Another cool story! One question, you said “The paramedic could calm the girl a little when I stuffed myself next to them, and I just started making small talk while I used the torch to look at the girls legs and hips to see how she was pinned.” Do you mean a flashlight? (I understand they call them torches in some places)

 

7 minutes ago, Rescue 423 said:

Yeah I think he meant flashlight. I used to call them torches for a while too 😅


Indeed, its a UK thing, been on a few training courses in the UK, and they call them torches. 😄
 

  • Like 2
Link to comment

I enjoyed this story, great ending! I found it interesting that your heavy rescues have cranes on them...that is something that is very rare here in the states. Usually if a crane is needed, a local heavy rescue company is called to the scene because they have better training in that field.

  • Like 1
Link to comment
13 hours ago, Josh said:

I enjoyed this story, great ending! I found it interesting that your heavy rescues have cranes on them...that is something that is very rare here in the states. Usually if a crane is needed, a local heavy rescue company is called to the scene because they have better training in that field.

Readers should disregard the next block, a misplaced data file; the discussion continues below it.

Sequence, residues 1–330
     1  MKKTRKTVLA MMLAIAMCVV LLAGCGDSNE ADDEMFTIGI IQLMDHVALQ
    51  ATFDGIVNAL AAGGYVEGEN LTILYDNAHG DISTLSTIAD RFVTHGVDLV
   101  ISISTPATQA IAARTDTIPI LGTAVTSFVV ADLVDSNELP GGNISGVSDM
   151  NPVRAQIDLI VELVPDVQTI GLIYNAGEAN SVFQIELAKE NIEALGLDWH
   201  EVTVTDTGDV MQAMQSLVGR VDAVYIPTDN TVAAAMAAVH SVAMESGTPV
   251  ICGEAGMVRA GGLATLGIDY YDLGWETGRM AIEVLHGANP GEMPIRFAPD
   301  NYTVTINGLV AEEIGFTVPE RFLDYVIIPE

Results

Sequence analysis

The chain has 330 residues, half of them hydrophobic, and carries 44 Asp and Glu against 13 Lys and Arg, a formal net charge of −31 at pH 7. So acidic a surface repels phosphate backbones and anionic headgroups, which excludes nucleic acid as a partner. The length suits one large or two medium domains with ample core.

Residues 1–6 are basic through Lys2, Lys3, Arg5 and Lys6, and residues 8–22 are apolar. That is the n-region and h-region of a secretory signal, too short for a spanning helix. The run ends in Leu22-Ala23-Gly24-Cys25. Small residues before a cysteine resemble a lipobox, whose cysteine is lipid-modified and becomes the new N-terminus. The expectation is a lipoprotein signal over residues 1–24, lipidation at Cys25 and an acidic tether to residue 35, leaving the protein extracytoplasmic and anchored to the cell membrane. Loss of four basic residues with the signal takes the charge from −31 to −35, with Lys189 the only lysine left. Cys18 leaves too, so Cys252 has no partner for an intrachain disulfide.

Thanks for the compliment. 

Cranes on our heavy rescues were usually reserved for the larger city departments as they have had a bigger budget, but when our fire departments merged from local to county level, and all budgets were combined, we got the financial capability to purchase some much needed upgrades to the fleet.
Our old Iveco heavy rescue (3rd pic) was bought back in 1989 when its sole duty was responding to MVA's, through the years it got many more tasks like animal rescue, HAZMAT, more types of entrapments, MCI etc.
Also our response area's grew as several volunteer crews nearby lost their heavy rescue capability with the standardisation of the equipment carried on the Engines.